By Sarah Pridgeon
There’s a new puppy on the family land and she has us wrapped around her tiny paw. Barely big enough to see without squinting, covered in scruffy black fluff with the most ridiculous squeak of a bark you ever did hear, she’s a much bigger presence than her size would imply.
Right now, at about 12 weeks old, Lucy is a bundle of energy on legs that don’t yet work as intended. She likes to be tucked under chins, can drag puppy-sized objects such as shoes surprisingly long distances and has figured out that, if she wants to get down from the sofa, she should push a cushion onto the floor for a nice soft landing.
But one must always consider the future, and she’s not going to be tiny forever. Granted, as part Skye terrier and part Scottie, she’s never going to be big enough to take down a bison. But terriers were bred back in Britain specifically to root out pests such as rodents – and the Skye version particularly hates cats.
Not only do we have a cat, we have an unpleasant cat. This is a creature that never knew its mother, so was never taught any manners, and was also born grumpy (and has yet to find the right side of the bed to roll out of).
I love my little ball of fur and claws to distraction, but I am objective enough to understand she isn’t going to win any charm contests. She bites my nose on a daily basis, jack-rabbits every chair leg in the apartment and never does a thing that she’s told.
We spend most of our time instructing her to get down from various surfaces, especially in the kitchen. All these years later, you’d think she’d have accepted that her humans don’t like pawprints on the chopping board, but no.
She’ll get down, reluctantly. But she has learned to mentally list every surface she’d been chased from during the course of a day so that, as soon as the lights go out, she can tour the place and take a seat on each of them in the correct order.
She reminds me of the tales I used to hear from my grandparents of the ugly ginger tomcat that for some reason adopted them. My grandfather adored it; my grandmother felt quite the opposite.
This cat was fierce from a young age, like my cat. Hearing a commotion one day, my grandfather ran into the next room to find the dog – a sizeable spaniel-terrier cross – cowering under a dining room chair while a fluffball of a kitten hissed at it from across the carpet.
That tomcat also wouldn’t take no for an answer, which did not endear it to the headstrong matriarch of the family. It did what it pleased, just like my cat, no matter the direction it was given.
One day, it came sauntering in from the back yard in the middle of a rainstorm, sopping wet and covered in mud, and my grandmother finally lost her temper. Her foot shot out towards it with the full intention of kicking it back out where it belonged.
Unfortunately, she missed. As she did so, her slipper flew from her foot and sailed down the garden, end over end, until it came to rest in the long grass right by the fence.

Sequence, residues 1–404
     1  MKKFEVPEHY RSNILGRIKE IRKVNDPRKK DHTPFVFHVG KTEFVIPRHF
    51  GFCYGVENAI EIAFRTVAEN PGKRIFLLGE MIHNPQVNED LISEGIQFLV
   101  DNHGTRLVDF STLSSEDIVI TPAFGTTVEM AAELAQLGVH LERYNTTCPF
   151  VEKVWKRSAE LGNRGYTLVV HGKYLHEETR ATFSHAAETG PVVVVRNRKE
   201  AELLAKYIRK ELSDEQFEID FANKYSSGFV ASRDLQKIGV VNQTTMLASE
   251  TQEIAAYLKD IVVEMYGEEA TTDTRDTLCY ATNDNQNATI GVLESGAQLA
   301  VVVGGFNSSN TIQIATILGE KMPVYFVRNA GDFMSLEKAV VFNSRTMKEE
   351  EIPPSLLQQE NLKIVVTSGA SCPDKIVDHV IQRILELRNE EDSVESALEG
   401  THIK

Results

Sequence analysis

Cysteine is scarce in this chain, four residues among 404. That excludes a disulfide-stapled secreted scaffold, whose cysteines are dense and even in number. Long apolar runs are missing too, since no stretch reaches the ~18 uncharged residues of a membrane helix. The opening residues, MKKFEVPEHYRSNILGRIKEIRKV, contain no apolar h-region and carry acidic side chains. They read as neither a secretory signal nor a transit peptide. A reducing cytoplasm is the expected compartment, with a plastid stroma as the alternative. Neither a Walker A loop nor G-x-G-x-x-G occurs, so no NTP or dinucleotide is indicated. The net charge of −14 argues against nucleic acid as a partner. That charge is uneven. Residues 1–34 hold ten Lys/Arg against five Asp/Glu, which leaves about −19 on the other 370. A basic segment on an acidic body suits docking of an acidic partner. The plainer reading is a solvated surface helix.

Cursing up even more of a storm, she hopped down the garden to retrieve it while my grandfather had a good laugh from the doorway – which no doubt infuriated her further. The way he always told the story, as she made her irritable way back to the kitchen, he turned to leave for work.
Still chuckling, he walked up the drive and through the front gate. Just as he turned back to close it, a clod of earth came flying past his head and, sure enough, there was my grandmother at the front door, a shovel in her hand.
I digress. The point I was getting at is that I had good reason to be concerned the high-pitched puppy and the undersized cougar were unlikely to get along. After all, the cat’s reaction to meeting a boxer ten times her size was to smack it with all her strength on the cheek.
And so, when it came time to babysit the squeak, the first thing we did was introduce the two of them: one dog bred to dislike cats, one cat born to despise absolutely everything. Would there be fur flying within the first few seconds?
The cat regarded the new arrival from atop one of the many discarded cardboard boxes that have grown into Cat Town on the floor of the dining area. The puppy gazed right back at her, tail wagging uncertainly at this strange new type of beast.
Slowly, the cat unfurled itself and slinked down to the floor, stalking over to inspect it more closely, completely in control. She stretched out her neck, sniffed and the rest of us held our collective breath.
Moments passed with the only motion in that room the twitching of a cat’s suspicious nose. The silence stood unbroken until the puppy yipped, wagged her tail and gifted the cat with a long, drool-covered lick, right up the front of her face.
I’m not sure who in that room was the most shocked, nor who was the most relieved. For my part, I suspect this is not the beginnings of a beautiful friendship, but it’s a better start than I hoped for. I’m fairly confident that not a single war has ever started with a kiss on the end of a nose.